Sitting your kid down for dinner means going to battle, because they’re bound to find something to hate on their plate — whether that’s food touching or the weird texture of a vegetable they liked well enough last week. But that was last week.
When it comes to a picky eater, no amount of negotiation or arguing works with them in the long run. New research supports what we knew all along — pressuring kids to sample new foods isn’t going to stop them from being tricky, picky eaters.
The Power Of Choice May Surprise You
Researchers at the University of Michigan wanted to know more about children’s eating habits — including consequences for picky eating and kids’ weight. Parents always apologize for their child’s picky eating, but they shouldn’t feel ashamed. According to the study, behavior changes don’t result from insisting on what your child eats, and pressuring your child to eat foods they don’t like links with picky eating. Researchers discovered picky eating didn’t affect the child’s weight at all from ages 21 to 33 months, matching the growth chart for non-picky eaters.
Saying “Eat your broccoli, or you will sit here until you have a clean plate” does nothing to change the circumstances. How does that teach your child they have agency over their own bodies? No link exists between picking eating and pressuring. Instead, dinner transforms into a chore as a result of this battle of wills and results in frustration for both parent and child.
How I Fixed The Picky Eater Conundrum
I thought I was doing the right thing by trying all the parenting tactics in books and following all the unsolicited advice that didn’t end up fitting my family. This included insisting my child sample food she despised, which caused her to hate it all the more. She wasn’t happy with me, and I didn’t feel happy with myself, either.
Sometimes, I sneak ice cream before dinner, especially at the end of a super stressful day. The cooling sensation of one of my favorite comfort foods cools me down, too, and it places me in the right frame of mind to be present for my kiddo and hubby. She’s caught me and added her own mixed feelings in there. Yes, I’m the adult, and if I want ice cream, I’ll have it — I earned that right over the course of decades.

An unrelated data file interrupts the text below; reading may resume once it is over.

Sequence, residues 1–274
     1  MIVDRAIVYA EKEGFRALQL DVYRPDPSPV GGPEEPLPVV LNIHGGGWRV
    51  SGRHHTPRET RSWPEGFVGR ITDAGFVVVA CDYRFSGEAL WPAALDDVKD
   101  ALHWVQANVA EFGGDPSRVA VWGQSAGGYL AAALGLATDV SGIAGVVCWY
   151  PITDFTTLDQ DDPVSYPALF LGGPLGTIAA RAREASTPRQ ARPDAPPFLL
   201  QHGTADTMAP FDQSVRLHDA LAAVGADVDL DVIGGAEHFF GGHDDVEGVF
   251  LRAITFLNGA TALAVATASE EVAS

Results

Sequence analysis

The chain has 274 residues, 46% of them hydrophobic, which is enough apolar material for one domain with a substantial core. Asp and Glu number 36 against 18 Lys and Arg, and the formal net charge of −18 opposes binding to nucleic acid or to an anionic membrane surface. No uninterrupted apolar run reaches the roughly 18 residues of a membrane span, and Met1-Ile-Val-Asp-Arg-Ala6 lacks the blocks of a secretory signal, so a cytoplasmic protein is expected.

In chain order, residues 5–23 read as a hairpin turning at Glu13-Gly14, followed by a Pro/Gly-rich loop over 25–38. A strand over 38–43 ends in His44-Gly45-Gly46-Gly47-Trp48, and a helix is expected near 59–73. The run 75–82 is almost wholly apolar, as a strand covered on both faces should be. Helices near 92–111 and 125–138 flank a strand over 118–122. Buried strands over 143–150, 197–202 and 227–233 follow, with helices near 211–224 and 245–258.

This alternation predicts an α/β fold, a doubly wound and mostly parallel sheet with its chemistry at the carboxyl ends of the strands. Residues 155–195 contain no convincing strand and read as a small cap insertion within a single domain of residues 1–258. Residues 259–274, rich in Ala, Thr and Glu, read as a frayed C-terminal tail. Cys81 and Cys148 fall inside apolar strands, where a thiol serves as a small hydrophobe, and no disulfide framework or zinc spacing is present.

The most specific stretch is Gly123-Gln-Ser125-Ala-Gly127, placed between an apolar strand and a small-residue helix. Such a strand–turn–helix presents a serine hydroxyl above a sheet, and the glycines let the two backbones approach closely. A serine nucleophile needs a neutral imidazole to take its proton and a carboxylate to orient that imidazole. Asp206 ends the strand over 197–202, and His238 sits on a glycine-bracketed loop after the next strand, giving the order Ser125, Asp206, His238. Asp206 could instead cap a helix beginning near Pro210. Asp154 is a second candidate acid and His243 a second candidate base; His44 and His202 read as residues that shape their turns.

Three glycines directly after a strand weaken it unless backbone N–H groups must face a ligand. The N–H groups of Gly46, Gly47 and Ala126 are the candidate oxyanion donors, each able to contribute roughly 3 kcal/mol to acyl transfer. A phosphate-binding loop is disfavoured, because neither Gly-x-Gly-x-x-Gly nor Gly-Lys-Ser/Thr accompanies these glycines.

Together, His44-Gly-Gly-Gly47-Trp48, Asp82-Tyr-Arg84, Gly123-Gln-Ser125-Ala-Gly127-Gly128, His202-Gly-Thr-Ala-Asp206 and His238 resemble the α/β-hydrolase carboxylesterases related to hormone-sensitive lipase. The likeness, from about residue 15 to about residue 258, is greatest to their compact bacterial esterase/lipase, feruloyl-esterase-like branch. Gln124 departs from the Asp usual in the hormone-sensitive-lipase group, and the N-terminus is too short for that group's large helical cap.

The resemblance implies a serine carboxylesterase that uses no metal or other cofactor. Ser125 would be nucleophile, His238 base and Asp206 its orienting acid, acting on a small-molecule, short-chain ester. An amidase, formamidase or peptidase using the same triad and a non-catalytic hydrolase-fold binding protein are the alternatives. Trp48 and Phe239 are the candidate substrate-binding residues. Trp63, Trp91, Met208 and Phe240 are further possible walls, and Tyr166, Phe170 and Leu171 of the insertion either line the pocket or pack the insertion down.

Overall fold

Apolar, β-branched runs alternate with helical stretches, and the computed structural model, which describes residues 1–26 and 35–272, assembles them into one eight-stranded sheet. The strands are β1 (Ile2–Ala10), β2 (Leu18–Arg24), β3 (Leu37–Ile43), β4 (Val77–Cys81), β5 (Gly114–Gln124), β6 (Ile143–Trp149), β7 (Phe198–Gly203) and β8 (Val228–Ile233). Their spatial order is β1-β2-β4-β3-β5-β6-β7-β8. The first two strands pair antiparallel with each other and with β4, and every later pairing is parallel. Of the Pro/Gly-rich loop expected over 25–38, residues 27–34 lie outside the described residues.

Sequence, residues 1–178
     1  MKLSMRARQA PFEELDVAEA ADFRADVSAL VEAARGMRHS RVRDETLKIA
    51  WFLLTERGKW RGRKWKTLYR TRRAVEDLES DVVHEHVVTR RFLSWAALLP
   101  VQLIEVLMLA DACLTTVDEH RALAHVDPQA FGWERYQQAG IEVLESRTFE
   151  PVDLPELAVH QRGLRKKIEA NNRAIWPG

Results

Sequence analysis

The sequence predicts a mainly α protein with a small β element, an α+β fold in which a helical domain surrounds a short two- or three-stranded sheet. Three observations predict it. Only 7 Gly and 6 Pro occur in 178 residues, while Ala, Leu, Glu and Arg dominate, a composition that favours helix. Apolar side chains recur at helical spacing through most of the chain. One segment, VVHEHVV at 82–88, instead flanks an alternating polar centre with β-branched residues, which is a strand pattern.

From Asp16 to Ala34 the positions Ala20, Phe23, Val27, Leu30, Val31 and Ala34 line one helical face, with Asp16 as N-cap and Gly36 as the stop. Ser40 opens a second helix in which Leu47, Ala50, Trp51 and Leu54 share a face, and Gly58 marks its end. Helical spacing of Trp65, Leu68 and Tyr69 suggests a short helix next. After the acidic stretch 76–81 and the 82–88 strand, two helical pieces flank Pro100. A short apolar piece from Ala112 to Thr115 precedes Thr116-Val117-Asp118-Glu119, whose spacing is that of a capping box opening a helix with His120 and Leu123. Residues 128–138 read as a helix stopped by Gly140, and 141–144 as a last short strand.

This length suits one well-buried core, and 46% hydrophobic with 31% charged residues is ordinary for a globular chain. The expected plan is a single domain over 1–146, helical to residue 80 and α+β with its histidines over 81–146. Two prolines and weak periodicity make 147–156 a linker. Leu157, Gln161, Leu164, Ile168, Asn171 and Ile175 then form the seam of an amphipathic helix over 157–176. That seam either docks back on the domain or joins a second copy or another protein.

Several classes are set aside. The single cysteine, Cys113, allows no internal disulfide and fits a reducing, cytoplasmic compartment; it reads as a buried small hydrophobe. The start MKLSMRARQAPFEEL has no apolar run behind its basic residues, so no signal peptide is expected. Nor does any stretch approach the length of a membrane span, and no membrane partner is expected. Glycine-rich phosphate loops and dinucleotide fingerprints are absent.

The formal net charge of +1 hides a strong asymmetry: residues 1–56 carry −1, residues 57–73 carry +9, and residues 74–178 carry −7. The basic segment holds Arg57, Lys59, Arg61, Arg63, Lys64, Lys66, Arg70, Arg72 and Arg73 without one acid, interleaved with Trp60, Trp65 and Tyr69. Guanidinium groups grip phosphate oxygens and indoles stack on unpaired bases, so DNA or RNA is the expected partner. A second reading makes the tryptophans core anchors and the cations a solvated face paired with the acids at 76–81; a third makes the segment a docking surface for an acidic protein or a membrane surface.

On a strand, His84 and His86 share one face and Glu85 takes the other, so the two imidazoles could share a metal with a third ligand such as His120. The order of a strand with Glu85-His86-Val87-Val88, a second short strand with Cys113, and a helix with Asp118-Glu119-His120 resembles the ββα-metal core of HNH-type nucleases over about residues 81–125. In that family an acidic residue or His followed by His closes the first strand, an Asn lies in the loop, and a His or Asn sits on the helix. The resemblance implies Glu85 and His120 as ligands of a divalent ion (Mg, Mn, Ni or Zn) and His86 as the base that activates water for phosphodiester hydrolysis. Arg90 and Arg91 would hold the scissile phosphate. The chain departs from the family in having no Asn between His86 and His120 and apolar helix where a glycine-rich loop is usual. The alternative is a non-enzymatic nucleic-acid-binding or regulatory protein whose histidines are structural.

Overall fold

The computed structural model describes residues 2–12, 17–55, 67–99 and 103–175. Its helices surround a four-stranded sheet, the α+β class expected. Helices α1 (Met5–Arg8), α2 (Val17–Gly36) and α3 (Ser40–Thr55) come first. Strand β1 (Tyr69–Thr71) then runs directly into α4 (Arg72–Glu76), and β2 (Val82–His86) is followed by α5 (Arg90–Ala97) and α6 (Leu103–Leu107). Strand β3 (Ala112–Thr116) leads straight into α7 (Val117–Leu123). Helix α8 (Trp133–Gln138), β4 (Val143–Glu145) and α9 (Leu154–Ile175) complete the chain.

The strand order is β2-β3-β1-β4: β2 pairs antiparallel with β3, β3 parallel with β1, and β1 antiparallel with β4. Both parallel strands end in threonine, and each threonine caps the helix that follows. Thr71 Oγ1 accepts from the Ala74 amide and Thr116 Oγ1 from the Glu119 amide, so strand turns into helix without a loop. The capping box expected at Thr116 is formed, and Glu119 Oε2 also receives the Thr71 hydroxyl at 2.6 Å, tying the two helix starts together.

However, I also look like a huge hypocrite to my kid. That affects our relationship. So, while I continue to sneak ice cream and chocolate at odd times of the day and night, we now have a scoop of ice cream before dinner when we feel like it.
Dessert before dinner is a game-changer, folks — she’s more considerate of the colorful stuff on her plate, and it helps with not overstuffing. Stop the endless questions about dinner and dessert, and just hand over the sweetness.
Effort goes into dessert before dinner — and my kid loves it. You don’t need an ice cream maker, either. Make no-churn ice cream with heavy whipping cream and sweetened condensed milk as your foundation, mixing the whipping cream until it peaks. Then, fold in the milk. Freeze in a container for four to six hours — the questions calm down since your kid gets a hand in the making — and they get to customize the flavor, too. Add chocolate chips, caramel or whatever you please.
Give your kid a say in what they eat. That freedom strengthens family cooperation and respect while building problem-solving skills. Craving some level of control over your life from a young age and learning to respect boundaries while striking out on your own prepares your kids for those tricky teen years and the road to adulthood.
Of course, don’t stuff your kids with junk food and sugar. Healthy desserts exist, and you can add fruit and nut toppings to gelato, for example. Offer choices that don’t overwhelm your child. If one doesn’t like peas, serve carrots instead, and your kid will definitely notice and appreciate the respect.
Approach what to eat for dinner in ways that increase the enjoyability of the meal and your time together. Researchers note that pressuring your picky eater can damage the parent-child relationship. That much control over your child may add to feelings of not doing anything good enough or right. Besides, taste is something you can’t control. You can add seasonings and change the method of cooking, but if they hate it, let it go. Forcing your kid to eat something they don’t like won’t decrease the degree of disdain.
Try involving your child in tasks for mealtime, and allow them to help pick out what to eat. You can build their interest in healthy food and share basic meal preparation lessons. Let your child help stir ingredients and crack open eggs — they’ll feel the pride and hard work that goes into a meal.
Everyone has a preference when it comes to food. Make it a team effort instead of a battle. No matter how small the gesture, your child will appreciate having a say, and you’ll both get your way in the end — and have more enjoyable quality time together, too.
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